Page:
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An expedition team that ventured deep into Burmese Nagaland to climb SE Asia’s most prominent Saramati Peak (3,826m) failed to summit but instead experienced Burma’s first democratic elections since the dissolution of the military junta in 2011.

(TRAVPR.COM) UK - November 25th, 2015 - An expedition team that ventured deep into Burmese Nagaland to climb SE Asia’s most prominent Saramati Peak (3,826m) failed to summit but instead experienced Burma’s first democratic elections since the dissolution of the military junta in 2011.

Imogen Prince, team-mate and Secret Compass staff, said: “Due to injury, the team abandoned its summit attempt…success would have meant a world-first for a commercial expedition. Morale remained high and it was fascinating to be in Burma at this landmark moment with a landslide victory for the National League for Democracy (NLD).”

Landmark elections for Burma
After her release from house arrest in 2011, Aung San Suu Kyi (of the NDL) dropped her opposition to tourism, stressing the need for a responsible approach and a positive effect on the people and the environment.

Tom McShane, Ops director with Secret Compass, recce’d the region in 2014. McShane said, “Our expeditions will help the region’s fledging tourism economy, with monies spent by the team supporting local guides and small businesses.

“Courtesy of Nagaland’s non-existent tourism infrastructure this adventure is truly remote, but this positive election result will mean a rapid spread of visitors beyond already popular areas such as. The time to explore remote Burma is now”.

Orchid-clad slopes
Team member Andy said, “Camping near local villages or wild camping in the dense jungles in this remote part of a largely undiscovered nation was a very unusual experience, and though we didn’t get to climb it, Saramati’s craggy peaks were omnipresent above the dense bamboo forests and orchid-clad slopes.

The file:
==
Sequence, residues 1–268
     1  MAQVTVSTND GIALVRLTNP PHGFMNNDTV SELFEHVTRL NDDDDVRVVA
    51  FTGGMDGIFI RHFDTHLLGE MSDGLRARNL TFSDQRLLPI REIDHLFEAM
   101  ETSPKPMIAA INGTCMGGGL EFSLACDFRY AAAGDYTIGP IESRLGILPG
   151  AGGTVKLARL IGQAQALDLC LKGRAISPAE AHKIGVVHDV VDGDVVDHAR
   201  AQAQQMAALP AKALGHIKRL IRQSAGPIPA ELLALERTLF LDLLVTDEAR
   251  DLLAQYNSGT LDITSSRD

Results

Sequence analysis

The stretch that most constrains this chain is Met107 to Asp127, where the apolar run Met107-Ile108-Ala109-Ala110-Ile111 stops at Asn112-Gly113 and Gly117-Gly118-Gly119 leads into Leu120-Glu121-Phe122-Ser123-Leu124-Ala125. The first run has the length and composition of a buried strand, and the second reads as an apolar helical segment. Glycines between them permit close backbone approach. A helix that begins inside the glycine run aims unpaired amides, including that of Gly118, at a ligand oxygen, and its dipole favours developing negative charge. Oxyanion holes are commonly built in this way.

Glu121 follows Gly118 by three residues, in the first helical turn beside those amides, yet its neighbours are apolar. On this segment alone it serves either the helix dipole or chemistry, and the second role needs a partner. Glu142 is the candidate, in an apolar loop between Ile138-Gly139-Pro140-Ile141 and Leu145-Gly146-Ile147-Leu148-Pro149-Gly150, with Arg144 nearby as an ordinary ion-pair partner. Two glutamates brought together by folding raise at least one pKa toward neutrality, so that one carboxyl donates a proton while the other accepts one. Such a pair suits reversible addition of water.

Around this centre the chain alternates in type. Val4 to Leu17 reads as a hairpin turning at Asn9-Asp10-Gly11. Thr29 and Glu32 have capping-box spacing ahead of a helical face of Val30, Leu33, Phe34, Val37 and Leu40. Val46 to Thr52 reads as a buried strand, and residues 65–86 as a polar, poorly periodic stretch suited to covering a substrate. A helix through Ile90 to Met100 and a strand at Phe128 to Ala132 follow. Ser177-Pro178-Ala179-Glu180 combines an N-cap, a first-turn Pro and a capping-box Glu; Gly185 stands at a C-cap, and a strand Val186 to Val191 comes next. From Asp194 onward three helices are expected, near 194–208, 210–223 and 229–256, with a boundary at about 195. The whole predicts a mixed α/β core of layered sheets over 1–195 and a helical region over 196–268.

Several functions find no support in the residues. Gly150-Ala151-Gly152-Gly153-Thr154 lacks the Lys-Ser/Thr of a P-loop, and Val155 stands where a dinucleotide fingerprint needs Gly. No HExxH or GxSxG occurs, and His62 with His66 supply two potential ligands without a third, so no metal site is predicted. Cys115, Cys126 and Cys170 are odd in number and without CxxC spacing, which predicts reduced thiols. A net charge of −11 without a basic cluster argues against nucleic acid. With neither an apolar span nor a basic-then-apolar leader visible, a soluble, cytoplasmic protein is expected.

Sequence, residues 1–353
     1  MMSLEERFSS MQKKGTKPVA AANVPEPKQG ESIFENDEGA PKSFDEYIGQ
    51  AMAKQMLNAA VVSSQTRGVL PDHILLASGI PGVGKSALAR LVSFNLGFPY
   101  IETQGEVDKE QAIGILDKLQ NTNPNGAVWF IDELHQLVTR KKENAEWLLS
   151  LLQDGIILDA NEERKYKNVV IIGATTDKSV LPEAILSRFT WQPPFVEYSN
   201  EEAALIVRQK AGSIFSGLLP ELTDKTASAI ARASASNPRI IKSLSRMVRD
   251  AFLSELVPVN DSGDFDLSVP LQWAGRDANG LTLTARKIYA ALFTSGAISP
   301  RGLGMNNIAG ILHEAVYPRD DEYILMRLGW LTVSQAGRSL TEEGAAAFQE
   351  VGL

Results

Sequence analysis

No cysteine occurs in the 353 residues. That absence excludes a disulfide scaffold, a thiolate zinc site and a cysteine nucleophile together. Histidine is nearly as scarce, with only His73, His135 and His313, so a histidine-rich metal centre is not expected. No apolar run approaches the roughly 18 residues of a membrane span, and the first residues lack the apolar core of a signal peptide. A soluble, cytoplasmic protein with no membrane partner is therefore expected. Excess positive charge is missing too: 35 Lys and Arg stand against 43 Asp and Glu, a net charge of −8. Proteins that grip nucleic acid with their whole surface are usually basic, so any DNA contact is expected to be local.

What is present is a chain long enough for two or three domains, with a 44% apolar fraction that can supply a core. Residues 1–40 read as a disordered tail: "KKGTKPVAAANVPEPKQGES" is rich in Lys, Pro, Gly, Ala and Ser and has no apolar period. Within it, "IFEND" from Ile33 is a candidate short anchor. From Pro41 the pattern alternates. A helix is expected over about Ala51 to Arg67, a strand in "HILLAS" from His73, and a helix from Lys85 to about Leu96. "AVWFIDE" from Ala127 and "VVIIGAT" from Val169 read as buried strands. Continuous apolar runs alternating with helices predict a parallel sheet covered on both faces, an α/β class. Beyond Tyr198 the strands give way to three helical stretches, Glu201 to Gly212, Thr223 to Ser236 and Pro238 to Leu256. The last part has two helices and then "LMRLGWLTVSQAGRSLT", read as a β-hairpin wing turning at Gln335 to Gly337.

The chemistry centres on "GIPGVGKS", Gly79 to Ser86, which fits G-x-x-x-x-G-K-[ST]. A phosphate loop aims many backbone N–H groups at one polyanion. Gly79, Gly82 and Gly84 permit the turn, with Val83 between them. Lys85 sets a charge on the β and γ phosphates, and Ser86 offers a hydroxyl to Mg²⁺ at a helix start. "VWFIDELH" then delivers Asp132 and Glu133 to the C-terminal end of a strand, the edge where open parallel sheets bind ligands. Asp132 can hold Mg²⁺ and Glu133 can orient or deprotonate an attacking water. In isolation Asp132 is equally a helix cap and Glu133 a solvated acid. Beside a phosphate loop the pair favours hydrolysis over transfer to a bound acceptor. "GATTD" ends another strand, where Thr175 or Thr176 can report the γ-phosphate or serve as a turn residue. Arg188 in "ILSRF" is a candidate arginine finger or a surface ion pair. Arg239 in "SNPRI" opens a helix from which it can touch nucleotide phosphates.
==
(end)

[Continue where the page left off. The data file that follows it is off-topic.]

“In a region formerly known for its headhunting, many villagers today haven’t seen a white face, so although the exploratory aim of our expedition was not met, the cultural insight gained made up for it.” 

Andy added, “We saw traditional Naga elders and dances, helped in the rice fields and even learned how to hunt in their age-old way. As Kipling said ‘This is Burma, and it will be quite unlike any land you know about.’ We think this remains true for this wild and isolated part of Burma!” 

Summit success in 2016
Tom Bodkin, director of Secret Compass, said, “Due to the team stopping short of Saramati Peak itself, this expedition goal remains open for a second team to grab the exploratory glory in 2016.

“We’ll run a second expedition to the Burmese Nagaland region in late February 2016, the team closes December 15. Applications are welcomed from anyone with an active lifestyle and sense of adventure.” 

McShane concluded, “Expeditions like this give people the chance to achieve the extraordinary in the world’s wildest places. They’re not easy and they’re not guided tours: they’re tough, they’re satisfying and they’re what experienced adventure travellers want.

With its military background, expedition company Secret Compass is renowned for offering expeditions and adventure travel to countries eschewed by most operators due to their remoteness, post-conflict reputations or inaccessibility. 

For 2016, Secret Compass expedition and adventure travel destinations include Afghanistan, Armenia, Burma, Ethiopia, Gabon, Iran, Kurdistan, Kyrgyzstan, Madagascar, Panama, Siberia and the Sinai desert. Activities range from mixed-terrain trekking and minimalist desert traverses, to mountain-biking and horseback expeditions.

For press information on Secret Compass expeditions in 2016, contact Kerry O’Neill:

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Secret Compass Expeditions
Secret Compass is a pioneering expedition company creating world-first experiences for teams of like-minded adventurers. Through group and bespoke adventures, Secret Compass helps each team member achieve the extraordinary in the world’s wildest places. Founded by ex-British Army Parachute Regiment officers, its expeditions reach the planet’s most remote regions in the spirit of exploration’s earliest pioneers.

Secret Compass TV and Film 
Secret Compass provides expert pre-production and in-country location management services to the TV and film industries. Clients to date include the BBC, National Geographic, Animal Planet and Channel 4, in countries from Afghanistan to Uzbekistan, South Sudan to Siberia.


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Name: Kerry O'Neill
Company: Secret Compass
Phone: 0207 096 8428
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